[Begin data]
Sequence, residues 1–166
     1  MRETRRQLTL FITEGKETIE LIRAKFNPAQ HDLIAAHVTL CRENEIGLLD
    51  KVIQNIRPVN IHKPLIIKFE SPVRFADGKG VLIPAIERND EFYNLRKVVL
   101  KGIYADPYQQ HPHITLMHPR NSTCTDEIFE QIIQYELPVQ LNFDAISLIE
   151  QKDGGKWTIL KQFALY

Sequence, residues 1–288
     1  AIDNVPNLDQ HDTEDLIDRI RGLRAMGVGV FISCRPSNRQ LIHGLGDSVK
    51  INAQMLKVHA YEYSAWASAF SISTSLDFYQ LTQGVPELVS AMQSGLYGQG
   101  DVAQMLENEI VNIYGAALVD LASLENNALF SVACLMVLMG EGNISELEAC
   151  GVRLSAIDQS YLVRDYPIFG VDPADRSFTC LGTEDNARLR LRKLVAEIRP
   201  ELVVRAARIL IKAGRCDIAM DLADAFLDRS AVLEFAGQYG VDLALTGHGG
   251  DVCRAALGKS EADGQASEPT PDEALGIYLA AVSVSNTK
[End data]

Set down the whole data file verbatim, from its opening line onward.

Sequence, residues 1–166
     1  MRETRRQLTL FITEGKETIE LIRAKFNPAQ HDLIAAHVTL CRENEIGLLD
    51  KVIQNIRPVN IHKPLIIKFE SPVRFADGKG VLIPAIERND EFYNLRKVVL
   101  KGIYADPYQQ HPHITLMHPR NSTCTDEIFE QIIQYELPVQ LNFDAISLIE
   151  QKDGGKWTIL KQFALY

Sequence, residues 1–288
     1  AIDNVPNLDQ HDTEDLIDRI RGLRAMGVGV FISCRPSNRQ LIHGLGDSVK
    51  INAQMLKVHA YEYSAWASAF SISTSLDFYQ LTQGVPELVS AMQSGLYGQG
   101  DVAQMLENEI VNIYGAALVD LASLENNALF SVACLMVLMG EGNISELEAC
   151  GVRLSAIDQS YLVRDYPIFG VDPADRSFTC LGTEDNARLR LRKLVAEIRP
   201  ELVVRAARIL IKAGRCDIAM DLADAFLDRS AVLEFAGQYG VDLALTGHGG
   251  DVCRAALGKS EADGQASEPT PDEALGIYLA AVSVSNTK